Due to the low cloud base and the poor weather in general the Air Ambulance arrived 3 hrs late. The Cloudbase possibly got as high as 200 ft and 'sucker's gaps' regularly appeared but then it clamped again just as people thought they might be able to do something.  However, model aircraft carried out an almost uninterrupted flying show - it was certainly not interrupted by full sized aircraft.  The programmed flying display was cancelled and the star of the show, the Vulcan Bomber, did not attend but this didn’t dampen the atmosphere of the event at all.  The public were treated to a ground display from the fire fighters and from the only aircraft to get airborne which was the Bell 47 which had flown in from the other side of Lasham airfield!!  Meanwhile 509 had a steady stream of Huey lover’s, helicopter enthusiasts and of course small budding future pilots keen to board the aircraft and check out the machine guns!

(It later transpired that even if the weather had been kind, the Vulcan would not have appeared for after start up at Yeovilton it only taxied a few feet before it was realised the brakes had failed).

As the day went on, everyone got wetter and wetter and the cloud base got lower and lower.  It was decided not to fly Huey to Thruxton that evening but to tether the blades and leave her there for the night. Rob intended to return the following day when weather conditions were forecast to be a lot better to fly her to Thruxton.   So 509 spent the night with the Bolkow 109 of the Hampshire Air Ambulance whose crew had also decided that the weather was too bad for their return to base.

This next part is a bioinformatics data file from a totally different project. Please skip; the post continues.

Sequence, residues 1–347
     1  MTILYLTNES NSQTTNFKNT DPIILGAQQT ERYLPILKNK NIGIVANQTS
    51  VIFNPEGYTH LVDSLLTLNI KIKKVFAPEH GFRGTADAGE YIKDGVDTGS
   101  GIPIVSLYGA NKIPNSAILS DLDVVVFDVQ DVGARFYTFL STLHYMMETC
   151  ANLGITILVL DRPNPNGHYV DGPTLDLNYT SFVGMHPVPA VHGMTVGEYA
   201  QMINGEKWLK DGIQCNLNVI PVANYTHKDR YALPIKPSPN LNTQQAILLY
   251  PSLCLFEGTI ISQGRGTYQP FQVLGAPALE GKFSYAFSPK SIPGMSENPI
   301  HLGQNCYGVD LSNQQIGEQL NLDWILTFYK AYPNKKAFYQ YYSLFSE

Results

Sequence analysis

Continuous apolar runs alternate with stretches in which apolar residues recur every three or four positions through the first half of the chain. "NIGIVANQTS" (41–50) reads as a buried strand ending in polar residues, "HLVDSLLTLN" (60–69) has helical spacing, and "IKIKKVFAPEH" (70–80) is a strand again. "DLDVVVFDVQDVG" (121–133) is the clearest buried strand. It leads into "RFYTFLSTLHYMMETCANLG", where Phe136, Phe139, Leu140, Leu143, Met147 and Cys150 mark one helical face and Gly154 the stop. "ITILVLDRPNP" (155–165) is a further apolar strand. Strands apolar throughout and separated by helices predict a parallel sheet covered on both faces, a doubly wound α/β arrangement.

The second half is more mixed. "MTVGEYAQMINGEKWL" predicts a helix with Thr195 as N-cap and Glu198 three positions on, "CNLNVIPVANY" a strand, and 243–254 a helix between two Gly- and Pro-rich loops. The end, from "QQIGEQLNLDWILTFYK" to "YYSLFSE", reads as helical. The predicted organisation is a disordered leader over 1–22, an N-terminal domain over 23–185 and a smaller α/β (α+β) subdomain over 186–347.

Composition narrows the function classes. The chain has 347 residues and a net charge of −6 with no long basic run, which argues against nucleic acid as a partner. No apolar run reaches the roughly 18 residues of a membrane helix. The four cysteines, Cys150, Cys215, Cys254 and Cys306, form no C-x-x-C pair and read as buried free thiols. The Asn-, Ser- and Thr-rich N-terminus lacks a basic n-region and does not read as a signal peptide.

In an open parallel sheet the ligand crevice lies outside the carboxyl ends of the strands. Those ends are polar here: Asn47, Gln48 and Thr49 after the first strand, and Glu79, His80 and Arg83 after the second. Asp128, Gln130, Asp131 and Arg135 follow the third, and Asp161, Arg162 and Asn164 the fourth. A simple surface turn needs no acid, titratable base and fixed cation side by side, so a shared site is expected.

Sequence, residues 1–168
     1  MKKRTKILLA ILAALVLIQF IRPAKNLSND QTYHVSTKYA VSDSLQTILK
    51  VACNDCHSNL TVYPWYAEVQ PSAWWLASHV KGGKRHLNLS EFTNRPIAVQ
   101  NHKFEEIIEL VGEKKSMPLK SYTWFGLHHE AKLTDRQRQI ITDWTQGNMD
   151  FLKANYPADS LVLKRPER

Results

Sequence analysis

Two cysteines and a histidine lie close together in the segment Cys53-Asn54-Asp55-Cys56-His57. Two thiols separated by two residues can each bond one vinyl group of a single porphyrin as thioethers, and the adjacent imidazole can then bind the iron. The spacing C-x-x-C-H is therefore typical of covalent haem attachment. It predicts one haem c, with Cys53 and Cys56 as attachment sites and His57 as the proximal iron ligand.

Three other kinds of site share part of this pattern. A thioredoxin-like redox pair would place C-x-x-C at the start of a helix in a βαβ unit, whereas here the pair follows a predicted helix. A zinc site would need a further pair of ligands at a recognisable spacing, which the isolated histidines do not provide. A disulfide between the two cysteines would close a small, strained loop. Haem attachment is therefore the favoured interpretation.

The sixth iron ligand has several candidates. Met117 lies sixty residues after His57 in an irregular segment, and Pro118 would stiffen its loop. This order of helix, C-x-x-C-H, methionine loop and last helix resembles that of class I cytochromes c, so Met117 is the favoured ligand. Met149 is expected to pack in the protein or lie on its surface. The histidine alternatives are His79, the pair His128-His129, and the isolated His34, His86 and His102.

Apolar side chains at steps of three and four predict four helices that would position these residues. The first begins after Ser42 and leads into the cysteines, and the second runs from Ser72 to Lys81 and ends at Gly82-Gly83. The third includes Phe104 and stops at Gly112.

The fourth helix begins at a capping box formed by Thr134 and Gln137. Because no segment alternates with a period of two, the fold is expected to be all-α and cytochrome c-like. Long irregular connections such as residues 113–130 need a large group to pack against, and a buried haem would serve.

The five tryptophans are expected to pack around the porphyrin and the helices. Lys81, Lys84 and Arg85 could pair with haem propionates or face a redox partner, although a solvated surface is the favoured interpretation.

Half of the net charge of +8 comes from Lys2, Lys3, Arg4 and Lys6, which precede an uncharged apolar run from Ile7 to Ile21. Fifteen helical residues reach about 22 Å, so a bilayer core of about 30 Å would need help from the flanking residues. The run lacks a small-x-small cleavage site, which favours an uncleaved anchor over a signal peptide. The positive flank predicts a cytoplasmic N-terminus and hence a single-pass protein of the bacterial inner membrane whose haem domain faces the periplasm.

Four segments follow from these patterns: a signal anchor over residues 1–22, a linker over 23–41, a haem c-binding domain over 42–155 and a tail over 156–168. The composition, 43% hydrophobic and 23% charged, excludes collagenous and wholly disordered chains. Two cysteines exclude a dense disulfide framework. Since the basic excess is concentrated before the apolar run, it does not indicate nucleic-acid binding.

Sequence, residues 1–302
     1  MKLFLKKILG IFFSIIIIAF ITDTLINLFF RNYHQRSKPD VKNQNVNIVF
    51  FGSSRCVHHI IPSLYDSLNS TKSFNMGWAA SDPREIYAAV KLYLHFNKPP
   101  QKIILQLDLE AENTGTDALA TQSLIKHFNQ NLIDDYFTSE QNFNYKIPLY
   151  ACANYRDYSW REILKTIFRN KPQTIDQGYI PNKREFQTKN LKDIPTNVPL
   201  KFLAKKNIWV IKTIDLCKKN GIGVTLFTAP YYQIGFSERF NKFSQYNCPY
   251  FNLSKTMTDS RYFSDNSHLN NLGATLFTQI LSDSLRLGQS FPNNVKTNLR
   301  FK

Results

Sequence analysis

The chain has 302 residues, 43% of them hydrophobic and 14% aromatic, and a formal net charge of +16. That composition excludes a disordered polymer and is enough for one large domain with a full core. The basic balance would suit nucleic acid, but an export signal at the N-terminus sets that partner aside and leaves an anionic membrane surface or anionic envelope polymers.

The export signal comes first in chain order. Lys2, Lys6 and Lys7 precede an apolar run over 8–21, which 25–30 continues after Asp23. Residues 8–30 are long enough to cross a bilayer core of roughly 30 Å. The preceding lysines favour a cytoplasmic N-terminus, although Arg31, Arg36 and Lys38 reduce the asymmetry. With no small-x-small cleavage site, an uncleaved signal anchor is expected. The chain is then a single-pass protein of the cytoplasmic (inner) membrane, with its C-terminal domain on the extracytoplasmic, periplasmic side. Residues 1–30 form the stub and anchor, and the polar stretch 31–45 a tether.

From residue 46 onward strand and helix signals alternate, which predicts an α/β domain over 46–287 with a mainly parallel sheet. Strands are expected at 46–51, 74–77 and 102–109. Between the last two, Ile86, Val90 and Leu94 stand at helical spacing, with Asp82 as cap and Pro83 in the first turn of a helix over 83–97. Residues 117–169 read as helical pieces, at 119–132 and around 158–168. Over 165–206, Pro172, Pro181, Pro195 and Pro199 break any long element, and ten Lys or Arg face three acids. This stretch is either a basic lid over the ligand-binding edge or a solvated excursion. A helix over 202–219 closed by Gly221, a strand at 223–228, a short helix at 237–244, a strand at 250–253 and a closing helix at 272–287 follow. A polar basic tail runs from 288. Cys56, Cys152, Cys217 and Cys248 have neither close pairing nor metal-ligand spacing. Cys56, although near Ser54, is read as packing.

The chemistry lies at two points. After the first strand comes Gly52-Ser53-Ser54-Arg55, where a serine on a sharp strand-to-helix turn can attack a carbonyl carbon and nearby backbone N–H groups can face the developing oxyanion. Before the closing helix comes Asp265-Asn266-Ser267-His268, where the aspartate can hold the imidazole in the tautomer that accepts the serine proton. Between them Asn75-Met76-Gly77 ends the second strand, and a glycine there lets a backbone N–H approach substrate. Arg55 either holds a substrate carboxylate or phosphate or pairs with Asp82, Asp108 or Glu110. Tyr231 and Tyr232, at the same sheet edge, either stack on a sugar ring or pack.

Never was a decision to go a day early better justified in practice.  During the day Huey was refuelled.  She seemed to be parked on level ground but it must have been slightly sloped for after refuel the gauge read 1,300 lbs, a good 100 lbs more than is usually seen.   Even after the trip to Thruxton, the gauge still read close to a normal refuel at Blackpool – Huey 509 really is a thirsty bird!

At the end of a fantastic day, Tracy and Douglas hopped onto a train back home after a great weekend, Huey 509 with Rob and Maurice jumped into another hire car (this was nearly not the case as one of the organisers, thinking they had arranged this car, tried to prise it off Rob for what the organiser saw as a greater need - to get a Blade’s Pilot back to Lincoln.  Certain views were expressed and Rob retained the car.

Finally, we would like to thank the ATC Lasham Event Organisers for their kind hospitality and support to Huey and her Crew.  All credit to them for a wonderful Open Day.